Background

Breast cancer and my fertility

Your breast cancer treatments may decrease the number of eggs in your ovaries. This means you may find it harder or you may be unable to get pregnant after treatment. Your risk of infertility after treatment depends on a number of factors. The most important factors include:

  • your age at diagnosis
  • your age when you plan to get pregnant
  • the type and dose of cancer treatment

How does age affect my fertility?

  • You have a fixed number of eggs in your ovaries when you are born.
  • The number of eggs go down as you get older. This means that as you age your chances of becoming pregnant naturally also go down.
  • Your fertility declines 10 to 13 years before menopause. This is called the perimenopausal period.
  • Eventually you will have few to no eggs left in your ovaries. This is called reaching natural menopause. You can no longer get pregnant after you reach menopause.

The graph below shows that as you age normally, the number of eggs in your ovaries go down until you reach menopause.

Graph: Natural decline in the number of your eggs as you age.

Adapted from The Oncofertility Consortium www.myoncofertility.org. Used with permission.

How will cancer treatment affect my fertility?

The chart below shows the treatments you may have and how they affect fertility. You should not try to get pregnant while on any treatment for your breast cancer.

Treatment Will this treatment affect my fertility?
Breast Surgery No – Unless you have surgery to take out your ovaries. This would affect your fertility.
Breast Radiation No – Unless you have radiation to your ovaries. This would affect your fertility.
Chemotherapy Possibly – Cyclophosphamide is one drug that can affect your fertility the most. It is usually given in combination with other chemotherapy drugs.
Hormone Therapy Possibly – If your cancer is hormone sensitive, you may be taking hormone therapy for 5 or more years. This will delay your ability to get pregnant, as you should not try to get pregnant during this treatment.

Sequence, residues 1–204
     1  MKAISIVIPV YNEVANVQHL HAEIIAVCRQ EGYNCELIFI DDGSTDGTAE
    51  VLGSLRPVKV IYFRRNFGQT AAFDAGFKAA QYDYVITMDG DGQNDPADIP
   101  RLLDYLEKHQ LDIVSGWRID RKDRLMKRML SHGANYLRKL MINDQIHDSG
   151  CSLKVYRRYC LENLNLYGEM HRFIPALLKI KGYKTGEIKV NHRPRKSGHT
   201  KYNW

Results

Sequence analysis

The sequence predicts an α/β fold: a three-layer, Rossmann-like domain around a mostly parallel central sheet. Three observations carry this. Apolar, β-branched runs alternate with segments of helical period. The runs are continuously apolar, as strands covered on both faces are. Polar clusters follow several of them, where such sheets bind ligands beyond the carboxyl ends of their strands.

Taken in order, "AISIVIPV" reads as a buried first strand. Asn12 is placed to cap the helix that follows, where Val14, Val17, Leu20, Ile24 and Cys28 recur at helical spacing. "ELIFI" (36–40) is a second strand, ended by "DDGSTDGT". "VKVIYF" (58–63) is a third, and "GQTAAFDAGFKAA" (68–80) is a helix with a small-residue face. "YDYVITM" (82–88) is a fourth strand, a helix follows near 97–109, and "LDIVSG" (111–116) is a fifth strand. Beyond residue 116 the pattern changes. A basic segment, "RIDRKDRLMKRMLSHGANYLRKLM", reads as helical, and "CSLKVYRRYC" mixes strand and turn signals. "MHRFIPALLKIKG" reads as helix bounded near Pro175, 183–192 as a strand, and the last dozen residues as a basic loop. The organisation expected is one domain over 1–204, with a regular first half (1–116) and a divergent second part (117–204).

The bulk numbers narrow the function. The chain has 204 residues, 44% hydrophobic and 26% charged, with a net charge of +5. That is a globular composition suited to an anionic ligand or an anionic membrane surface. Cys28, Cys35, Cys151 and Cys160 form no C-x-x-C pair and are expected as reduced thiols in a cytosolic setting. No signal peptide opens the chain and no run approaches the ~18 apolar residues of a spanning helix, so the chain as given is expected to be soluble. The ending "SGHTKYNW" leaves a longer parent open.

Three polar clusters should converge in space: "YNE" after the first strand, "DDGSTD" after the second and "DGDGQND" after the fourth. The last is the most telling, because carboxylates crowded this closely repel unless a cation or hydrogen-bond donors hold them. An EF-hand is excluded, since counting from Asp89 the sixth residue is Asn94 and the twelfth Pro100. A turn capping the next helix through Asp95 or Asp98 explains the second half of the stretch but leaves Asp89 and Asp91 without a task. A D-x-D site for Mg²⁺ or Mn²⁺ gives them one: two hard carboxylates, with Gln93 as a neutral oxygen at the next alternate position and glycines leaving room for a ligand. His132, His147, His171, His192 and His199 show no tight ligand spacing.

Trastuzumab (Herceptin®) Unknown – If you have HER2+ breast cancer, you will be on Herceptin for about 1 year. This will delay your ability to get pregnant, as you should not try to get pregnant during this treatment.

What can happen to my fertility during chemotherapy?

Some chemotherapy drugs reduce the number of eggs in your ovaries. This can cause you to go into menopause after treatment or earlier than normal.

  • During chemotherapy, you may stop getting your periods. You may experience menopausal symptoms.
  • After chemotherapy, your periods may start again in a few months or it may take up to a year for them to come back.
  • Your period coming back depends on your age and how many eggs were in your ovaries before treatment. It also depends on the type and total dose of chemotherapy given.
  • If you do not have your period during or after chemotherapy it does not always mean you are in permanent menopause. You may still be able to get pregnant at this time.
  • Even if your period comes back after chemotherapy, you may not be able to have a natural pregnancy. This is due to the lower number and quality of eggs in your ovaries.

Use the LIVESTRONG Fertility Risk Tool to learn more about your risk of your periods stopping based on the chemotherapy drugs you may receive.

What can happen to my fertility during hormone therapy?

  • Hormone therapy does not affect your fertility. However, if you have hormone therapy for 5 or more years your fertility will decrease as you age.
  • You may be able to interrupt hormone therapy before the full treatment is completed, while you try to become pregnant. Then you could continue hormone therapy after your child is born. The effect of this is still being studied. Talk with your oncologist about taking a break from treatment.

How will I know if I am still able to get pregnant after I finish chemotherapy and hormone therapy?

Your fertility specialist can do tests to help determine how many eggs are left in your ovaries. The tests may show you have:

Normal fertility

  • You have enough working eggs remaining in your ovaries to have a natural pregnancy. This is assuming that you and your partner have no other fertility problems.
  • Your ability to have a natural pregnancy will vary by your age. If you are younger in age, you have a higher chance of having a natural pregnancy after treatment.

Early or premature menopause

  • You have a decrease in the number of eggs in your ovaries but working eggs are still present.
  • You may still be able to have a natural pregnancy after treatment but you will begin menopause earlier in your life. It may also take longer or be harder for you to become pregnant.

Permanent menopause

  • Your periods do not start again and you have few to no eggs in your ovaries.
  • Permanent menopause after treatment is likely if you are over the age of 45 when you are diagnosed. This is because you are closer to natural menopause at the time you started treatment. The average age of menopause in Canada is 52 years of age.
  • You will not be able to have a natural pregnancy after menopause.
Next: Fertility Options